* The following notes were taken from the writings of Professor N. A. Neon:
The “Broken Window” theory argues that the length of time taken to repair a damaged or broken window is directly proportional to the decline of a home or neighbourhood. Simply put, the longer a broken window is allowed to remain broken, the more likely it is that it will never be changed and the home in question will be allowed to rot.
But for most of the arguments in favour of this theory, the owner of the property is not available due to reasons of abandonment, lack of funds to cover rent, or simply due to the property being left unchecked over a great period of time. What if said property were occupied over a set period of time? What changes could be observed in the theory and what possible results could be gleaned from such a situation.
I myself have been fortunate enough to find myself the victim of a damaged window, and have decided to record the day-to-day changes taking place over a set period of time:
Day 1: returned home from work to find the damaged window. Wife has ordered me to repair it, or the find someone “who knows how to use their hands” and “actually do something constructive” around here for once. I note her suggestion and ignore said instructions (written on living room sofa late that night).
Day 2: during wife’s absence, a blue jay has attempted to enter the home through the window. So far, the blue jay has only set up a nest near the window without gaining access to our space. I contemplated putting up a piece of cardboard to cover the hole, but realized that this would work against the theory, despite the fact that my wife left strict instruction on this matter. I continued to reside on the front couch while my wife wondered about leaving for a long vacation.
Day 4: weather has turned. Incredible amounts of rain and wind. Blue jay has again attempted to enter the home. No success, but I was very tempted to allow the animal to enter our home. No cage available and my wife has a clear dislike for the great outdoors (her words: “You are not going to allow some damn wild thing to reside in our home just because it is getting wet. You would have to allow all the animals out there to stay in our place”). I considered these words and came to certain conclusions.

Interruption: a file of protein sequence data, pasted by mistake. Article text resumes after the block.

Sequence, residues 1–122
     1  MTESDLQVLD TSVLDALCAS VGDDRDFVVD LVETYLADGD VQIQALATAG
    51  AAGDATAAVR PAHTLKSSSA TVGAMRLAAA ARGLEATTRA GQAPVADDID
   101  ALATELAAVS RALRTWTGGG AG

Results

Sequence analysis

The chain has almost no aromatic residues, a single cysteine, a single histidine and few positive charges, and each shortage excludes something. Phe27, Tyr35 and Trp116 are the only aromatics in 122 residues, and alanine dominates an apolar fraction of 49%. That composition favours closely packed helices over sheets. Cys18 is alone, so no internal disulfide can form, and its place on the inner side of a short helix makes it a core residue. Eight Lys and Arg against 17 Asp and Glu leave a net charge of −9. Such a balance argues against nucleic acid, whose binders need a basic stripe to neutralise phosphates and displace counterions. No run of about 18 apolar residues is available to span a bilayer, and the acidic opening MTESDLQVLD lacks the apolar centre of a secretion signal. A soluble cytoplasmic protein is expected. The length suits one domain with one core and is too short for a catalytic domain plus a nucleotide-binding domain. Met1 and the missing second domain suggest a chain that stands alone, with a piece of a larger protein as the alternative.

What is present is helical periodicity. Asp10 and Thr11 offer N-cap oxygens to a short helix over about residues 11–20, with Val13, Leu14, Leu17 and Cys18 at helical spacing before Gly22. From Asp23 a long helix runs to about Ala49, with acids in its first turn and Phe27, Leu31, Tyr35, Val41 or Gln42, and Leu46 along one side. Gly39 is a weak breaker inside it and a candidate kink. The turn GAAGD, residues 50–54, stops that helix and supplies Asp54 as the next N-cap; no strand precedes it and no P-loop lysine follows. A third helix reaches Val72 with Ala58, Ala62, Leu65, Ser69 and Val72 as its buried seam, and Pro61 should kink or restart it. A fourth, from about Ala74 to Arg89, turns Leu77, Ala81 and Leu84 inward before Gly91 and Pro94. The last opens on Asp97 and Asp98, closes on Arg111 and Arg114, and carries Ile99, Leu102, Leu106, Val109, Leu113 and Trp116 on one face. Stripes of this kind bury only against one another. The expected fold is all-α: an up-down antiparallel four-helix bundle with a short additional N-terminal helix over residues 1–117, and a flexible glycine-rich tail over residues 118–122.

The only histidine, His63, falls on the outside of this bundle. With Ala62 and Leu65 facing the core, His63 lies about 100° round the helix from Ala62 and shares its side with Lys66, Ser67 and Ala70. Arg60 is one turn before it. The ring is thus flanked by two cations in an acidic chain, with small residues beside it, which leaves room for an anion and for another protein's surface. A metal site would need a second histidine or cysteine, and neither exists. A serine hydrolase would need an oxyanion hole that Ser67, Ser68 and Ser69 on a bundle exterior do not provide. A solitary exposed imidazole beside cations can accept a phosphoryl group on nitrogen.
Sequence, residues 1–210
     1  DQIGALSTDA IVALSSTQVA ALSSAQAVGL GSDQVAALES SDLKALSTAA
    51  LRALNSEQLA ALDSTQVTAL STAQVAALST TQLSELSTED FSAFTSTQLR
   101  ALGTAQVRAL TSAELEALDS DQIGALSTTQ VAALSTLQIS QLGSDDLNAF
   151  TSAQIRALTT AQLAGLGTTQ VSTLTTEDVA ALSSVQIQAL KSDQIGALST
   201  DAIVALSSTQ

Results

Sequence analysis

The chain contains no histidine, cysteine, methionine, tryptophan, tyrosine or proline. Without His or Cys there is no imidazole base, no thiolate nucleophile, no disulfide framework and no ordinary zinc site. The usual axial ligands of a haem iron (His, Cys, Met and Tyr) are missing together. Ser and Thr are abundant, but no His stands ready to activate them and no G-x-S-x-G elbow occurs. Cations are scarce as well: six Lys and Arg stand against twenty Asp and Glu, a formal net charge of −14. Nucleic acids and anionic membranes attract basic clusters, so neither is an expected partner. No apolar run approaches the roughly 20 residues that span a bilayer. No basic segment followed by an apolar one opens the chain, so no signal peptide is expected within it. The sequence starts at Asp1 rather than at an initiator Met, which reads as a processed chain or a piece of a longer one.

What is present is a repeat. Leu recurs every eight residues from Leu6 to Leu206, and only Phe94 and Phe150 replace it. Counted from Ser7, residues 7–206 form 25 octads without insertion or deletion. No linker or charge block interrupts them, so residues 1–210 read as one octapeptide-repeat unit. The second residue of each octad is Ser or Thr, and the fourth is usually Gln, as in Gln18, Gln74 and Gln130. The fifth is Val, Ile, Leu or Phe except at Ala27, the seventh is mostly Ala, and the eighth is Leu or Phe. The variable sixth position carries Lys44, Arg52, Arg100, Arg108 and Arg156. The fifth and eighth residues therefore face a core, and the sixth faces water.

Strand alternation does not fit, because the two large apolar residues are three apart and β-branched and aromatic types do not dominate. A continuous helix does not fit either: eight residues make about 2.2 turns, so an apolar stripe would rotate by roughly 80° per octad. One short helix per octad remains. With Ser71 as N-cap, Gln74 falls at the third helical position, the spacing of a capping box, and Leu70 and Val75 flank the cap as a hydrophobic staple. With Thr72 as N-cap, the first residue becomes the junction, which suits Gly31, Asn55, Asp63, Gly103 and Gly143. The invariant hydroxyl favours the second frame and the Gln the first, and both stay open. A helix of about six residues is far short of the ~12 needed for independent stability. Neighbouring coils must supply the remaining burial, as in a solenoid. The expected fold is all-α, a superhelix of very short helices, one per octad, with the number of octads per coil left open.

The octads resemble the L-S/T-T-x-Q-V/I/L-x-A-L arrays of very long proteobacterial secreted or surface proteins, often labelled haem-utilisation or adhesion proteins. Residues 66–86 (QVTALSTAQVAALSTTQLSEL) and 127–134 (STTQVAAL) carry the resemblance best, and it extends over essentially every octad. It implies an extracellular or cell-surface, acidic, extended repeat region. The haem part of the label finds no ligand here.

Day 6: rainstorms have ended. There is some damage to our neighbourhood, including the tree now taken by the blue jay. I noted that there were two eggs in the nest as I awaited the arrival of the blue jay. Have purchased a bird cage and it is now in our basement. Wife has not been informed of recent changes.
Day 7: one week since the beginning of the broken window experiment. Wife has discovered the birdcage and the blue jay with her eggs. Some slight head trauma from a hurled coffee cup and I needed to spend more time focused on treatment of the blow at local pharmacy. Upon return home, wife was not available and her favourite bag and car now missing. Noted also that the broken window has lost some glass and the damage is more visible. Return to bedroom for a night of peaceful sleep.
Day 9: noise heard by window. Boys have discovered the broken window and are attempting to pitch stones and coins through it (resembles some sort of game or competition between them). They were not persuaded to stop by my appearance at the said window. More stones were thrown when I appeared. Only my appearance outside ended the competition. Did not recognize any of them as they rode off.
Day 10: fed blue jay and noticed the new addition to that family. Considered releasing them back into the wild (wife has demanded that I do so before she returns home; promise made to consider her offer did not appease her). More noise heard near window. Boys have returned and are now chanting “Fix it up, fix it up!” I have noticed that these boys appear in the late afternoon after the school has ended for the day (this seems to matter). Very tempted to contact local schools and find out who they are. Realize that this might conflict with theory and experiment.
Day 12: necessary to note here that the theory is not simply about a broken window itself. The theory states that crime can also be linked to the decline of an area and stem from a broken window. Home was invaded by an unknown thief. One laptop and some of my wife’s jewelry stolen (she was quite calm when informed about this). I must note that the cage and birds remained untouched and that the window was covered with a piece of cardboard (strange that this offends me the most about the robbery).
Day 13: wife has returned. She has noted the boys who appear at the window and made certain that they no longer appear at the window with their stones and coins. And she has released the blue jay and its hatchlings. The animals are not in the local trees and there is no indication that they are safe (cannot get any information from her on them). She has decided to call up a repairman to fix the window and finally end my experiment.
Day 14: after two weeks of the experiment, it has reached an interesting conclusion. Blue jay has returned and landed near the cardboard covering over the broken window. Two boys have appeared and attempted to throw rocks and coins again. This time, they did target the bird. Blue jay attacked them, chasing them out of the back of our home. Wife heard the screams and went outside to see what was happening. Police picked them all up as she slapped one of the boys quite violently and refused to obey their orders. Must bail her out later today and contact the repair man. The weekend will be quite long for her.